Fake meat products backed by Bill Gates are having a horrible year; 75% stock market decline


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By Kevin Killough, Energy Journalist

Plant-based Beyond Meat is having a tough year, raising doubts that the company’s products can compete with thick, juicy beef steak in the long run.

Just two years ago, the alternative meat industry seemed to be making serious inroads into the food budgets of average Americans. Companies rushed to produce their own versions of meat-like plant proteins and formed partnerships with major fast-food chains.

Burger King has made a huge financial investment pushing its Impossible Whopper, made with Impossible Foods brand plant-based meat. And McDonald’s reportedly did well overseas with its McPlant, made with Beyond Meat, but abandoned it in the United States after a trial in some restaurants.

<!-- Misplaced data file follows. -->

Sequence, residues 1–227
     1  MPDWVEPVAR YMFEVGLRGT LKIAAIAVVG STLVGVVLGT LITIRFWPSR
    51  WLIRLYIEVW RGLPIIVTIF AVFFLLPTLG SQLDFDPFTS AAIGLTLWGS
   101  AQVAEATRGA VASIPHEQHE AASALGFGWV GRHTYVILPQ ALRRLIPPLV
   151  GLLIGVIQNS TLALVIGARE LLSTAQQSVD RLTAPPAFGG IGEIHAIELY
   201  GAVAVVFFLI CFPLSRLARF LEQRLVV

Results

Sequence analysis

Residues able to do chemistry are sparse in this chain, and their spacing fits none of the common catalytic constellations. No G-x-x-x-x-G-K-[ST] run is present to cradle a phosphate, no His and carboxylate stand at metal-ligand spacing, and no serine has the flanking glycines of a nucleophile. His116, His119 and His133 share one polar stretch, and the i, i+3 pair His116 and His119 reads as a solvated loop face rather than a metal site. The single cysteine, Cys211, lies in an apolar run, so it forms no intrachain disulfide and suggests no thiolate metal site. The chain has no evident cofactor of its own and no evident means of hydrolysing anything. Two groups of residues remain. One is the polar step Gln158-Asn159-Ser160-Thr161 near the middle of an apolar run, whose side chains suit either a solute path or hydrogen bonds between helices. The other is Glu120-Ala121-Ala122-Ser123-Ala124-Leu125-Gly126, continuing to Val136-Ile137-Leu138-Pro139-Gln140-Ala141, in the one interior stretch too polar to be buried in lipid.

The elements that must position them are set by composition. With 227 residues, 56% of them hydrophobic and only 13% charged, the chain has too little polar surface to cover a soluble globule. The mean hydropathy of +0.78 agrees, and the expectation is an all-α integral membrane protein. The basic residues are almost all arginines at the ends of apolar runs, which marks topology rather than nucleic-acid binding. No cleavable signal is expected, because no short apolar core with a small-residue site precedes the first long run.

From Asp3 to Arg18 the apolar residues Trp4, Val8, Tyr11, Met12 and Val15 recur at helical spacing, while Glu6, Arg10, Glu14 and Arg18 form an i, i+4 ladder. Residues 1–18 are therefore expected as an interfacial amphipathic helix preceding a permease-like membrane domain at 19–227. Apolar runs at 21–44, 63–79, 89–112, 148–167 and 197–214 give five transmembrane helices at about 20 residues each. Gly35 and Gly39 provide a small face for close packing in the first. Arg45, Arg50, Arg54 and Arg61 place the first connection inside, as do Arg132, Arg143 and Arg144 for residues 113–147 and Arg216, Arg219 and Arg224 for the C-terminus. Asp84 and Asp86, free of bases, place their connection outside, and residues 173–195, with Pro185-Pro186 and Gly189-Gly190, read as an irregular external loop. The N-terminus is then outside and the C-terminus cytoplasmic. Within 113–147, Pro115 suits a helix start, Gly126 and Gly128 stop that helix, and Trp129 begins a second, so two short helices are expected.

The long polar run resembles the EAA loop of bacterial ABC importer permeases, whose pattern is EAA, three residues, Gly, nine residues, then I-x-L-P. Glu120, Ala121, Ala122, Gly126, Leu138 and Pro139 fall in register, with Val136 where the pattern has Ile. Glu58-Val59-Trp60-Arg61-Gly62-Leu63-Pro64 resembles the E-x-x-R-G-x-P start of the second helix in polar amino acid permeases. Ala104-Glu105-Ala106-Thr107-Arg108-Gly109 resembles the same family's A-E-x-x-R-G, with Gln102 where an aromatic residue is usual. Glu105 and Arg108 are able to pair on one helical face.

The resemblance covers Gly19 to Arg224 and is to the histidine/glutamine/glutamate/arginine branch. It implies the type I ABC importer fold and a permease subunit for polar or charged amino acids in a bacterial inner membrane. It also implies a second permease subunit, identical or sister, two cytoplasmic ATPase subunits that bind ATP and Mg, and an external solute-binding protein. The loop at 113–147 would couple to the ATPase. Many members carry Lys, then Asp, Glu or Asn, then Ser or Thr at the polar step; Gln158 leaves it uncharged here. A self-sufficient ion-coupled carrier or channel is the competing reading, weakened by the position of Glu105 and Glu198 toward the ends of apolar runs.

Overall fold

Beyond Meat has received celebrity endorsements from Snoop Dogg, Kim Kardashian and Leonardo DiCaprio, as well as Gates, who provided venture capital funding to the company. Gates has also invested in Beyond Meat competitor Impossible Foods Inc.

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Cattle ranchers in Wyoming are watching new competitors vying for America’s meat palate, and the pandemic has created a lot of turmoil for Cowboy State producers as well.

Large meat packers, which process 80% of the meat in America, have had to close some plants because of COVID-19, severely limiting processing capacity. Supply chain and labor issues have also made it more difficult for herders. The growing popularity of plant-based meat substitutes at the time was another threat to their already thin financial margins.

“There was a lot of fear that this would take off and really go,” said Dennis Sun, a fourth-generation Wyoming breeder and Wyoming Livestock Roundup editor.

Jim Magagna, executive vice president of the Wyoming Stockgrowers Association, said the initial popularity of plant-based products sparked greater industry interest in further advocacy.